Jazz vocalist Sherri Roberts celebrates springtime on her latest offering, Anybody’s Spring, from Pacific Coast Jazz. Traces of cabaret and swing music can be found in the smooth texture of her register and the enchanting way she sings a lyric, emphasizing the underlying emotions and creating an intimate atmosphere. Specks of bop jazz are also present, as she is joined by pianist David Udolf, bassist Harvie S, drummer Akira Tana, and guitarist Sheryl Bailey. Continuously sensitive to the sentiment being channeled through the lyrics, Roberts makes a striking conduit, affecting audiences with an indelible delivery.
Roberts explores the many moods which springtime elicits, from experiencing joy and exuberance, to feelings of regret and pining over a lost love. Tracks like “It’s Anybody’s Spring” and “They Say It’s Spring” are entrenched in the percolating rhythms of swinging blues with a touch of Broadway burlesque in the sensual stroll of her vocals. The lyrics in the latter tune propound a starry-eyed vision about love: “They say it’s spring / This feeling light as a feather / They say this thing / This magic we share together came with the weather … though they say it’s spring / It’s you.”
When she isn’t being sensual in her delivery of the verses, Roberts shows another side of her femininity, that of a woman who reflects peacefully about her surroundings, like in “Spring Sprang Sprung.” The glistening keys cushion the soothing texture of her vocals, resonating a Judy Collins-style in her languid-like phrasing. The arrangements are sparsely layered, which draws a bulk of the listener’s attention to the lyrics. The liquid embers of her vocals coast blissfully along “It Might as Well Be Spring” and produce a lullaby mist across “After All, It’s Spring.”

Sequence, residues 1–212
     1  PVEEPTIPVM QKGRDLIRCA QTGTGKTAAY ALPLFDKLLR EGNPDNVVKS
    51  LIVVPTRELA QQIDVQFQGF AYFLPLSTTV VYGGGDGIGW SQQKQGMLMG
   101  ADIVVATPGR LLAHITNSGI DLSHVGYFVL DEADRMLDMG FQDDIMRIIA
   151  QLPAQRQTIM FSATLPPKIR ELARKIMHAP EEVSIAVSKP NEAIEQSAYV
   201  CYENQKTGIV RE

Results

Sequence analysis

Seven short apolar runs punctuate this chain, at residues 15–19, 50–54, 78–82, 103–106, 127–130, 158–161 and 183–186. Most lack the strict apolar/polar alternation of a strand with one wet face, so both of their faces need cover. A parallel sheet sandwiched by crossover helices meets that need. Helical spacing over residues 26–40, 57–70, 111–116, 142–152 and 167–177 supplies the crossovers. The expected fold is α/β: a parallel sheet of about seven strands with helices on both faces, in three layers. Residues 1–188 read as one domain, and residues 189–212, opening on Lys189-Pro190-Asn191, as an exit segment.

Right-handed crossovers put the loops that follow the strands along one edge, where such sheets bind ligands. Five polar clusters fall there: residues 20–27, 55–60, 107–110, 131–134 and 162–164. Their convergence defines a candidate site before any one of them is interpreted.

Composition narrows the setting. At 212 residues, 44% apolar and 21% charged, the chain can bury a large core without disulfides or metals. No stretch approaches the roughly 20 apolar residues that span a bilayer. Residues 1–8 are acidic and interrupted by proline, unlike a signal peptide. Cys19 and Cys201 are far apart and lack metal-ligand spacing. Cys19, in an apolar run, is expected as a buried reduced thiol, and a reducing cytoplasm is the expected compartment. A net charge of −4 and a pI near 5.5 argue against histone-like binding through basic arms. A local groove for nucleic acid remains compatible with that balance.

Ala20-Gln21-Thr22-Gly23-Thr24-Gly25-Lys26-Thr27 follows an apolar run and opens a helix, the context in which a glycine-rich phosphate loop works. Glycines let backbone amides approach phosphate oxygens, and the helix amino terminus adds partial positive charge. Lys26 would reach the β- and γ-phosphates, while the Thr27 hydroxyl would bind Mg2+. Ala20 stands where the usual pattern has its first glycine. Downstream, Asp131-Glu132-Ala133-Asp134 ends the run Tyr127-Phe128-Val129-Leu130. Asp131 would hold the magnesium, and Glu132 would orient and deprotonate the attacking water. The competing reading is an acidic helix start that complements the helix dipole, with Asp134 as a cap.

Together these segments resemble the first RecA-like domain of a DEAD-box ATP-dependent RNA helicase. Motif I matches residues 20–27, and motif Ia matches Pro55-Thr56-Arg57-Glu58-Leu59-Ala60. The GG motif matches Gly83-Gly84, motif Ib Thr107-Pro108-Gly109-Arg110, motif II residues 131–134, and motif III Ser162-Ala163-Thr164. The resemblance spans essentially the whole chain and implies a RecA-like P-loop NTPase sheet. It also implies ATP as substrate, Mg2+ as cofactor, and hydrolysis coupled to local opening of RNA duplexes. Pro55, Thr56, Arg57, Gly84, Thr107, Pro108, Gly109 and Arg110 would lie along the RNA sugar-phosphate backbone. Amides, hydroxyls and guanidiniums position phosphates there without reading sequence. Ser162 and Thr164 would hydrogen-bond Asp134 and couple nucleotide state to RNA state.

The bopping bass notes driving “Joy Spring” and “Lady Bird” support her buoyant vocals and turn to a smooth balm along “Double Rainbow” and “Now at Last.” The relaxed pose of her vocals along “Now at Last” set the somber mood as the lyrics lament: “Now at last I know what a fool I’ve been … at last I see how my heart was blind to the joys before me that I left behind.”
The soft and mellow atmospherics of “While We’re Young” and “Spring Isn’t Everything” close the recording with impressions of spring as being full of life. She imparts that life does not die when spring passes. The season is a period of awakening, and while life continues, so too will all the feelings and moods that spring brings out in audiences.
Sherri Roberts melds the genres of theatrical cabaret and intimate swing jazz. Prolific at externalizing emotions, Roberts turns the human soul inside out, giving a voice to feelings of joy and sorrow. Her languid phrasing has shades of burlesque and torchlight blues, achieving a balance that makes the verses purr in the listener’s ears.
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